By Cristina Costa
Literacy was, still is and will continue to be a core mission of education. The ‘popular’ meaning of ‘being literate’ has usually been associated with the notion of being able to read and write; a fundamental skill to prevail in a society in which the written word has a massive impact on day to day activities.
A more critical understanding of the concept, however, leads us to understand that being literate means much more than the ability to read and write. It is determined by the socio-cultural and economic contexts in which we exist and operate.
Based on this assumption, Freebody and Luke (1990) developed a critical classification of literacy performance which they described ‘in terms of the shifting civil, socio-cultural, and job credential demands that any particular culture places on its members in their dealings with written text’ (p. 7).
Seeing the world
Freire (1992) would most certainly approve of this as he understood literacy as a tool for reading both the word and the world (see also Macedo, 2004). Septima Clark and Myles Horton put this into practice when they actively campaigned for Civil Rights through their literacy workshops. Their contribution was more than teaching people how to read and write; it was about empowering communities to understand and stand up for their rights.
Literacy served as a tool for that purpose in that entire communities learnt not only how to sign their names but also read (and interpret) the constitution, so they could make an informed decision when they voted.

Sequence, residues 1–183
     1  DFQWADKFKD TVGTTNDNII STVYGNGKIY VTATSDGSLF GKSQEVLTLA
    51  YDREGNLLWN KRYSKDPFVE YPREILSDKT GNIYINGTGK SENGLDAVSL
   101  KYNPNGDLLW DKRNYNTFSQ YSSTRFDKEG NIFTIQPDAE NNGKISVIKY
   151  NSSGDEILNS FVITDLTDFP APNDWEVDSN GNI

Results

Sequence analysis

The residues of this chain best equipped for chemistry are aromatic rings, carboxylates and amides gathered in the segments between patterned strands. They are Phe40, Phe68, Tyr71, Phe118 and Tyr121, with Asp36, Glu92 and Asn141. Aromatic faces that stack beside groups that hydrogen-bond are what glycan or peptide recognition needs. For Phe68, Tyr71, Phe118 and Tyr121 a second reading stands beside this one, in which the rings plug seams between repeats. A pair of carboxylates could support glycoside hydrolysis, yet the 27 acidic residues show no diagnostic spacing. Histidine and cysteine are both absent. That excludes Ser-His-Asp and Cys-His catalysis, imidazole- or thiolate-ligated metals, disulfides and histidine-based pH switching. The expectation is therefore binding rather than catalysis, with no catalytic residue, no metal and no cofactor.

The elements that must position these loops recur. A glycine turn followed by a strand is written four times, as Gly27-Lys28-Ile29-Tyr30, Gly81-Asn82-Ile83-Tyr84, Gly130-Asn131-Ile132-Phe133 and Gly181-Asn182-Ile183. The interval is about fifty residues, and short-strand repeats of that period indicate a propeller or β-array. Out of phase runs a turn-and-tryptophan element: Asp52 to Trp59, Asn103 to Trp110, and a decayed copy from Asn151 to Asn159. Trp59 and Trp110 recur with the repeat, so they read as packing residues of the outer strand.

In this day and age, literacy continues to be a powerful tool of emancipation. The Scottish Curriculum for Excellence defines it as ‘the set of skills which allows an individual to engage fully in society and in learning, through the different forms of language, and the range of texts, which society values and finds useful’.
Different forms of language
This definition leaves it up to us to interpret the different forms of language and text that society is starting to value. Looking at the surrounding world, it is easy to see that the web – with its participatory features – is giving literacy a new dimension and creating new learning needs.
While some businesses and organisations have started to develop solutions that aim to support their services, education seems less worried to engage with the debate, although the literature around digital literacies is growing (see Carrington, and Robinson, 2009; Hinrichsen and Coombs, 2014; Lankshear and Knobel, 2006, etc.).
In their study, North et al (2008) points out that young people’s digital practices are associated with existing attitudes and approaches that are engendered in the social structures to which they belong.
‘No effect’ on attitudes
It comes with very little surprise that families’ levels of education, occupations, and the practices and attitudes they develop therein (habitus) have a crucial influence on how they perceive and use digital technologies. Implicit to their research is the idea that education seems to have little or no effect in changing individuals’ attitudes to technology, let alone develop their digital literacies.
In other words, education does not seem to be changing learners’ worlds. Then the question I need to ask is, is technology changing teachers’ practices?
Picture thanks to Chris Jobling on flickr.